Michael and Jane Stern’s 500 Things to Eat Before It’s Too Late lists Idle Isle Cafe’s idleberry pie as one of them. Idleberry is a trade name of theirs and consists of a combination of blueberries, blackberries and boysenberries, a worthy competitor of Springdale’s bumbleberry pie. Located in Brigham City, the cafe also serves other scrumptious entrées. We had a very nice lunch here. The pan-fried mountain trout was very good, served with superb french fries. The rolls are homemade, very yeasty and chewy. Spread with butter and the cafe’s excellent apricot jam, the rolls were gone in no time. We ordered our idleberry pie a la mode, of course.

Pan-fried trout with fries

Homemade rolls with butter and apricot jam

 
Idle Isle Cafe
24 S Main St
Brigham City, UT 84302
435.734.2468
 

ANZAC Biscuits


ANZAC Day is observed in New Zealand and Australia to commemorate the troops who lost their lives at Gallipoli during World War I. ANZAC stands for Australia New Zealand Army Corps. One story is that the families sent the troops these biscuits (known in the U.S. as cookies) that resisted spoilage because of their lack of eggs as an ingredient, but their undisputed origin is still a mystery. In any case, these are really good cookies, quite crispy, almost as hard as a biscotti. I have a preference for a soft, chewy cookie, so before the first bite, a red flag was raised. But, the hesitation was only brief; the combination of rolled oats, shredded coconut, butter and a sweetener called golden syrup (which is hard to find in the States, though I found some at Whole Foods) was irresistible. And, when dipped in a cup of long black, they were even better.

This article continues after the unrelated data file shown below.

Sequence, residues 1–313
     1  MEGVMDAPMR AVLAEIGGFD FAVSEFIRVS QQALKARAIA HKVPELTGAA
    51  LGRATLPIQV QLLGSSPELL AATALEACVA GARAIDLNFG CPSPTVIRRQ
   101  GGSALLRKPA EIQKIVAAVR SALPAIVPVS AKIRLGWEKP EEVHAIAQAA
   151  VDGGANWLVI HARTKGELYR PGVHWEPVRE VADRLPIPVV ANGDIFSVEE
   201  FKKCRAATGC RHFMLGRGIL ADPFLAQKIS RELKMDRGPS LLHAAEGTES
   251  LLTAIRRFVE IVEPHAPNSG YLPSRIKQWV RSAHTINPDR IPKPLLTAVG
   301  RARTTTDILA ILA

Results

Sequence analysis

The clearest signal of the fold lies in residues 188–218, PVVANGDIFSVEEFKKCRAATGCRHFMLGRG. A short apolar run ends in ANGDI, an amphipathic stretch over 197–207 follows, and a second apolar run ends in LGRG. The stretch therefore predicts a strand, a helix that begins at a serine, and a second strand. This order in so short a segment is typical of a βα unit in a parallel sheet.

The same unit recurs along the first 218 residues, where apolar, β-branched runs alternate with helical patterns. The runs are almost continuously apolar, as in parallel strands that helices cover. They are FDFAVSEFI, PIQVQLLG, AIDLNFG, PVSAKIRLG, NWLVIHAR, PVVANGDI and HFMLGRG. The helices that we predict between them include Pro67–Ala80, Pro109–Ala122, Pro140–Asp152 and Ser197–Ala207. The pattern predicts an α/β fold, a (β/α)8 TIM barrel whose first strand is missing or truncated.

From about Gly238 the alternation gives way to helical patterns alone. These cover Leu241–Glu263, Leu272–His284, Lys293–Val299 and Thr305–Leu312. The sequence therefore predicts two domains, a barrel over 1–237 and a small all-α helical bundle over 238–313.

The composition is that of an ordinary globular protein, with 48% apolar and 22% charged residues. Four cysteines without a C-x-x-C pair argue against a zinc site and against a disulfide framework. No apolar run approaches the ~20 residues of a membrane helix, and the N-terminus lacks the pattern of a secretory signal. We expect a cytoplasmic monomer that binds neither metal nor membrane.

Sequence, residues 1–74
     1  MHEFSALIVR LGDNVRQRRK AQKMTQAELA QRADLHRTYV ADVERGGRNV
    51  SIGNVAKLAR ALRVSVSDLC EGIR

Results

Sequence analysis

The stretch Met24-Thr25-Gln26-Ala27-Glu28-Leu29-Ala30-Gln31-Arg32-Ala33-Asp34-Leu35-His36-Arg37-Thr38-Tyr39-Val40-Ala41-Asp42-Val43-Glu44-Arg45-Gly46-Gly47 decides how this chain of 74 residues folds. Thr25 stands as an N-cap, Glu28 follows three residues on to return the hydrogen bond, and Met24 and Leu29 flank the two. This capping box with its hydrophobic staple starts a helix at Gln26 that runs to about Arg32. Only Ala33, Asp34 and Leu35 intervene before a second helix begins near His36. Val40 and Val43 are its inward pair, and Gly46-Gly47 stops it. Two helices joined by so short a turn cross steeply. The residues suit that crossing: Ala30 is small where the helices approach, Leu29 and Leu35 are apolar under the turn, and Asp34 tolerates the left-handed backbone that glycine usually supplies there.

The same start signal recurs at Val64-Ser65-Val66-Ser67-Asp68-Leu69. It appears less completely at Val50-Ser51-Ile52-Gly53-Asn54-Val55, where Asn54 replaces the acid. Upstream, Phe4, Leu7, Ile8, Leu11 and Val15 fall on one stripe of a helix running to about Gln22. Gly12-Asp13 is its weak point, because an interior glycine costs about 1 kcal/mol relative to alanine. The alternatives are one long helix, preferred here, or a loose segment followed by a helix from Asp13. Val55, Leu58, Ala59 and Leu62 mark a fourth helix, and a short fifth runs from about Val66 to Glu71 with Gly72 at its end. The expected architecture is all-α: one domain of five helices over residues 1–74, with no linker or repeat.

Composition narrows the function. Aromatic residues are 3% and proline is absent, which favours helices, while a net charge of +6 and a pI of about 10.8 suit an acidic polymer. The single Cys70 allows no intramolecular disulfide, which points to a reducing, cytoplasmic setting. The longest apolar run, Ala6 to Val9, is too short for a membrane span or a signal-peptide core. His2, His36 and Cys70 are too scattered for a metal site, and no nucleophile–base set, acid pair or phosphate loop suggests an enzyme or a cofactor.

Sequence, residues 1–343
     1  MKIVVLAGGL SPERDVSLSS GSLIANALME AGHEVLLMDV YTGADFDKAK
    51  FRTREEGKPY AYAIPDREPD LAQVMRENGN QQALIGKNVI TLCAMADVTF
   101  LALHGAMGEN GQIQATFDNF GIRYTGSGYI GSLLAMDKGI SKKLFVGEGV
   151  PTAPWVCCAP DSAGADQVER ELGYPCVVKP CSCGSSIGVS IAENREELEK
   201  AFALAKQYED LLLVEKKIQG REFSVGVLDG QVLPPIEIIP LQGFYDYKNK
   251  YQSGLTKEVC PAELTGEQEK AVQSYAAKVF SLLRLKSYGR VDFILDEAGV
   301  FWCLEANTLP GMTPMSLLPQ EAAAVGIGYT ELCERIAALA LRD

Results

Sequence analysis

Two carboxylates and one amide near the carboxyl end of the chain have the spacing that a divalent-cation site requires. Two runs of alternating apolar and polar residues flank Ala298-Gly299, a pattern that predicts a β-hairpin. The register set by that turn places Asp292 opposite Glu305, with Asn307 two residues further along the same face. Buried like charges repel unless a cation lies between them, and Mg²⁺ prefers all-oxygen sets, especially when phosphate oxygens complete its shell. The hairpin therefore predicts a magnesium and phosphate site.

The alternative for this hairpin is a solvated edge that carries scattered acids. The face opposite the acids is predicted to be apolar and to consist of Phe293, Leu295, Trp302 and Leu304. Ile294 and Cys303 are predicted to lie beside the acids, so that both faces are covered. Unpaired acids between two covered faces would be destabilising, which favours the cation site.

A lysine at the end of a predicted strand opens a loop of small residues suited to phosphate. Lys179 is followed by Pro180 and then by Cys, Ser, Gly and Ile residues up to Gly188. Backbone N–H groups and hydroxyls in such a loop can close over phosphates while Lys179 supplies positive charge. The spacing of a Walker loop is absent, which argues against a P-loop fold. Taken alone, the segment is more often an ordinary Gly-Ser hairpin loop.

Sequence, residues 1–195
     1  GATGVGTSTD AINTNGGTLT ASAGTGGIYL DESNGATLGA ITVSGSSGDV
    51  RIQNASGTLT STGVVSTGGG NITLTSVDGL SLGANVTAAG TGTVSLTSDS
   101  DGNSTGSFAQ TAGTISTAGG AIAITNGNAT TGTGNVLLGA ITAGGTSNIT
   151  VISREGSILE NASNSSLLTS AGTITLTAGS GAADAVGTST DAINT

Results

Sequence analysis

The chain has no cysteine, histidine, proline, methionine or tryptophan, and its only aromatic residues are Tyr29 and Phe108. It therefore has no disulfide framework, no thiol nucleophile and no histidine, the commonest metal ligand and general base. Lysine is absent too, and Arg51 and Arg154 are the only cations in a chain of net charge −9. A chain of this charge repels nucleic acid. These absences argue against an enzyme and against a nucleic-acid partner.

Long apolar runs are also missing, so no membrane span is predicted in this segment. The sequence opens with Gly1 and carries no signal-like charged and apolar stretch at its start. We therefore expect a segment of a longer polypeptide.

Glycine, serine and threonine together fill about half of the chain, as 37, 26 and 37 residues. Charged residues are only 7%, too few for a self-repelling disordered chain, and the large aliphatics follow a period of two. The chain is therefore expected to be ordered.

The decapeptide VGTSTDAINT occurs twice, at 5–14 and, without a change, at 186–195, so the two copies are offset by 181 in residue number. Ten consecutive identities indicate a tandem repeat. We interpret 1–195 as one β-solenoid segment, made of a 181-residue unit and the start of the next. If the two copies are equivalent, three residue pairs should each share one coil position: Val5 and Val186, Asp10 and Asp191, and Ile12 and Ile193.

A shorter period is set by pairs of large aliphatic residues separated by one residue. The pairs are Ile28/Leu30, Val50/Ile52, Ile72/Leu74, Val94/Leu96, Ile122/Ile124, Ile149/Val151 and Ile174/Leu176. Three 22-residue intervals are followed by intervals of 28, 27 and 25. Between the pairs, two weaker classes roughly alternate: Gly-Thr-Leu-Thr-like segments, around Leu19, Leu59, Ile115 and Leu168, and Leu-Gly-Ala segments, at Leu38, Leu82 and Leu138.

I found a recipe on the internet, which I’ll try when we get home.

Matsumoto Shave Ice (Hale’iwa, HI)


Lychee/pina colada and lychee/lilikoi shave ices

It was good fortune that we were able to compare not only shrimp trucks but shave ice as well. Earlier on our trip, we sampled shave ice at Waiola store in Honolulu. Matsumoto’s is a destination stop for many fans, including busloads of Japanese tourists. Waiola draws mostly locals. The lines at both can get quite long, though I suspect that it’s more of a problem at M’s throughout the day.

Because the ice here is a bit grainier than Waiola’s, it holds its shape better when topped with syrups. There is a good selection of syrup flavors, including two of my favorites: lychee and lilikoi, though for the life of me, I can’t figure out why the latter should be so bright red. Then again, part of the fun and eye appeal of shave ice are the bright artificial colors. My wife’s piña colada syrup was very tasty, very coconut-y. Vanilla ice cream and kintoki are two extras you can add. I’ve never developed an appreciation for sweet azuki (adzuki) beans, but the ice cream that I added for the first time last year, right here at Matsumoto’s, is something I perhaps can’t live without. The photo above shows lychee/pina colada and lychee/lilikoi combinations.